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Creem – America’s Only Rock ‘n’ Roll Magazine, Reviewed Issue By Issue – April 1984 (Volume 15, Number 11)

Duran Duran, who were still primarily considered an act for teenage girls, had a casual chic appearance on the cover of the Apirl 1984 issue of Creem. Angus Young of AC/DC, who had less of a reputation for being a heartthrob, also received a cover inset pic. Chris Saleswizc interviewed an “extraordinarily defensive” Simon LeBon. LeBon once again disavowed the band’s placement in the New Romantics movement and warned about the evils of cocaine (“very bad for singers’ throats”). Nick Rhodes chimed in to slag the competition, “Let’s face it, Culture Club’s ‘Karma Chameleon’ sounds very much like ‘Take Me Home, Country Roads,” which was a massive hit that was very acceptable to the general public.” Simon sounded like he was trying a bit too hard to convey he was a serious artist in this piece. On the other hand, I’ve never made tremendously successful pop music that was universally panned by critics on two continents.  

In “Rock ‘n’ Roll News,” it was reported that the Police were taking an 18-month hiatus. Except for re-recording “Don’t Stand So Close to Me” in 1986, this break was effectively the last gasp of the band in the ‘80s. Sting’s multi-platinum 1985 solo album “The Dream of the Blue Turtles” probably didn’t make him want to run back into a tense band environment. The Police did reunite for a tour in 2007 and 2008, but never released another album after 1983’s “Synchronicity.”  

The deaths of Alexis Korner and Dennis Wilson were reported. 

Pete Townshend, a man with a broken crystal ball, announced that the Who would not be releasing any more albums. Even more laugh inducing, he said, “I will not perform anywhere in the world with the Who.” Perhaps he forgot to add, “Unless the money is really good.” 

In Billy Altman’s short-lived sports oriented “Bench Press” column, he noted his preference for Championship Wrestling from Florida over New York’s WWF and their “burrhead of a champion” (Bob Backlund). We never received a follow-up report on Hulk-a-Mania.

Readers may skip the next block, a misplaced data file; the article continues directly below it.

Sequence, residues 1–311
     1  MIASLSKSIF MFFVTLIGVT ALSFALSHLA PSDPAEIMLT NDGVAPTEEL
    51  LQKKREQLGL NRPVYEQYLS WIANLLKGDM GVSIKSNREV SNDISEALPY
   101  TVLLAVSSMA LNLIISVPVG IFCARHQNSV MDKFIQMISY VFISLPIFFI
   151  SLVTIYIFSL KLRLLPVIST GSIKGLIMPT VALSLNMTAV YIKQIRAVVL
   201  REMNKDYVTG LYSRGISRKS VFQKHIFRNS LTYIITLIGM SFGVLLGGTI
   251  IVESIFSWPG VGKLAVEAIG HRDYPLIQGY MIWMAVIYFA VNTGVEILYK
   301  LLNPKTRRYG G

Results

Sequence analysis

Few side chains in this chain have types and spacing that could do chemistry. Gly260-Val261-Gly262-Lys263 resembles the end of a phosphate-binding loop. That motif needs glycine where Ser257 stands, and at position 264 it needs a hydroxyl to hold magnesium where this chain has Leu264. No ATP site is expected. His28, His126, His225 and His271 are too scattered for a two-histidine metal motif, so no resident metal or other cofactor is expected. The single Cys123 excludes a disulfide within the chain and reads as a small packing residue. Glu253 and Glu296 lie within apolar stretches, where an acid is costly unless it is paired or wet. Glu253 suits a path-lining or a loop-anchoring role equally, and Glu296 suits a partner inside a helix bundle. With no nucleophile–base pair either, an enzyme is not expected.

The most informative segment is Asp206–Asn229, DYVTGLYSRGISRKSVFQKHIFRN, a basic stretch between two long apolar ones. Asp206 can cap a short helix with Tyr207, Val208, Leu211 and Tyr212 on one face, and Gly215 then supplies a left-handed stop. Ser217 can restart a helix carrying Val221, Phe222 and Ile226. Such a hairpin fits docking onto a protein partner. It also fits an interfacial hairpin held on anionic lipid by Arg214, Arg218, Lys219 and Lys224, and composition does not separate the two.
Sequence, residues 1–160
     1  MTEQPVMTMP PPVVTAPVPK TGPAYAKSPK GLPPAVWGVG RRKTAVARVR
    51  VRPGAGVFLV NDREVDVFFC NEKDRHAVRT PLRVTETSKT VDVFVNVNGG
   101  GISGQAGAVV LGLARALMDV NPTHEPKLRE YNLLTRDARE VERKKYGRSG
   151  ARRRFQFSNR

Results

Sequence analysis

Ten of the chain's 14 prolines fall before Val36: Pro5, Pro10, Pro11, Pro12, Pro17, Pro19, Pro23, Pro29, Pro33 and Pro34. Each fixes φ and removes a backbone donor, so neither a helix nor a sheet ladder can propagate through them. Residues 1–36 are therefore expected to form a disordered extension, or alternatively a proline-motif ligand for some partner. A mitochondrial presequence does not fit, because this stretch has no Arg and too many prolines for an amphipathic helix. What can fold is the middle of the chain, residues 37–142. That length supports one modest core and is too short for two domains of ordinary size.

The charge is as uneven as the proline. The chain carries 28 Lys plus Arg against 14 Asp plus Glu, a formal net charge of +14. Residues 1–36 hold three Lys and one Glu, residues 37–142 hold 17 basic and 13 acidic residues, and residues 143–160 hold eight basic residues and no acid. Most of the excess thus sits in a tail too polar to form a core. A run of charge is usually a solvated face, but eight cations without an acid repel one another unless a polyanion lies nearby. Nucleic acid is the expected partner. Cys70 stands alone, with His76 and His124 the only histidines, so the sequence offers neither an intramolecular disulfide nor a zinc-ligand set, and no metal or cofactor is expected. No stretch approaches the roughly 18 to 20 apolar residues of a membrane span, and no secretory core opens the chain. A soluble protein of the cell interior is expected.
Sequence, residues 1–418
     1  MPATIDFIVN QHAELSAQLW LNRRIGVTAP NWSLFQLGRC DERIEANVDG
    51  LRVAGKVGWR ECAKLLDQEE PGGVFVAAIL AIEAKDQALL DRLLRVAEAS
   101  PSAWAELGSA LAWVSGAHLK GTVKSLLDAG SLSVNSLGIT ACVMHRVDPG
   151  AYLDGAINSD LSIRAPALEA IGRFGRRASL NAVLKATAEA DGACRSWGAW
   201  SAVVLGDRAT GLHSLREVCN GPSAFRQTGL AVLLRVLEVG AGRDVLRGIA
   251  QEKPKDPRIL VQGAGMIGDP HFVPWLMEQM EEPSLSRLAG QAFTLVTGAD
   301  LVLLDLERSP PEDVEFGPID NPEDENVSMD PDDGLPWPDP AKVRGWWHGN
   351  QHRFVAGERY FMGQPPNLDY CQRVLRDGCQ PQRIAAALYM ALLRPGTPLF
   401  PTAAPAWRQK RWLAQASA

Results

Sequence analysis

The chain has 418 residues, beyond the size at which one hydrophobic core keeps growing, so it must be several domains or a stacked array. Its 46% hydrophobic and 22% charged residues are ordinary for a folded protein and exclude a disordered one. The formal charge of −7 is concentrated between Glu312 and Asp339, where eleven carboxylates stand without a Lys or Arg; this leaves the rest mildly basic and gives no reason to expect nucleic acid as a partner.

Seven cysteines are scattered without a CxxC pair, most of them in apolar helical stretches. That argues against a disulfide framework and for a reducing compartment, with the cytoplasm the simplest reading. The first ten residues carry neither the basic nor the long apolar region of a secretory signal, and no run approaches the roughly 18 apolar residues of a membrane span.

“Blonde with Bottle: Debbie Harry,” by Cynthia Rose 

“Wanted: New Image (Wholesome Popsters Need Not Apply),” an article on Nick Heyward by Karen Schlosberg 

“Duran Duran Am What They Yam: And That’s the Snakes…,” by Chris Salewicz 

“The Big Test on Big Country,” by Laura Fissinger 

“AC/DC And Nothing Can Harm Them!,” by John Kordosh 

“Revolution American Style: Billy Idol Battles the Bland,” by Toby Goldstein 

“Up in Arms: Non-Pig Biggies Flip Their Wiggies,” by Tony Paris 

Debbie Harry, with hair whiter than the audience at a Morgan Wallen concert, talked about acting and Blondie and Marilyn Monroe and Creem magazine in a pretty lengthy interview with Cynthia Rose. A solid piece. 

Laura Fissinger interviewed Big Country, noting that Stuart Adamson “did a short but potent sulk” during the discussion. Adamson, sadly, never conquered his temperament or demons, dying of suicide in 2021. The author turned the interview into a multiple-choice quiz and the tone is much lighter than I’ve made it sound.  

Angus Young sounded like a well-meaning bloke in his interview with John Kordosh. Young’s goals for the future, “Just take it further. Take it as far as you can. There’s new things every day. New, different rhythms to work with – different approaches, different styles.” I’m kind of surprised they never worked with the Pet Shop Boys after reading this.  

Billy Idol chatted about Generation X, being managed by former Kiss mastermind Bill Aucoin, and his “punk” attitude towards detractors in his interview with Toby Goldstein.  

In 1983, a series of benefit concerts for Ronnie Lane who performed by the Who’s Who of British Rock Stars. Lane suffered from Multiple Sclerosis and the gigs on his behalf brought out Jeff Beck, Jimmy Page, Eric Clapton, Steve Winwood, Bill Wyman, and Charlie Watts among others. Participant Joe Cocker was impressed that Lane had retained his sense of humor. Regarding the shows, Cocker stated, “I think there’s some very good music coming out of it. If you were up there on that stage and could feel all the energy, especially ‘With A Little Help’ with four drummers, I never experienced anything like that. It’s like a train going down the track.” 

Quotable Quotes:   

Debbie Harry, “Some of the early Blondie fans were really into that shared countercultural humor though. Creem magazine, for instance, they understood the humor. To a certain extent, anyway – except that they were really serious about seeming like real jerk-off guys, you know (Debbie bursts out giggling) Like, ‘I-wanna-fuck-everything-that-walks macho.’” 

Harry, “The very best thing about rock is its intuitive nature. To me, it’s very tribal and it goes to the deepest instincts.” 

Nick Heyward, “I wish I did have an image, really, so I could hide behind it.” 

Simon LeBon, “We just spend our lives on coaches and planes, traveling around from job to job.” 

John Kordosh on AC/DC, “They’re immense. They’re gigantic. They’re Jabba the Hut on the Elvis Diet.” 

Angus Young, “We want to rock you to death. But we do go out there to look pretty.” 

RJ Smith, “Quite possibly the best band in the land today, the Minutemen’s music is what should be put out across the Emergency Broadcast Network instead of those 60 seconds of aggravating noise.” 

Summary: There’s nothing wrong with this issue, but this does feel like an era when Creem is coving acts more out of a sense of obligation versus admiration. 

Grade: B+ 

Latest price on eBay: $12.00 to “Buy It Now.” 

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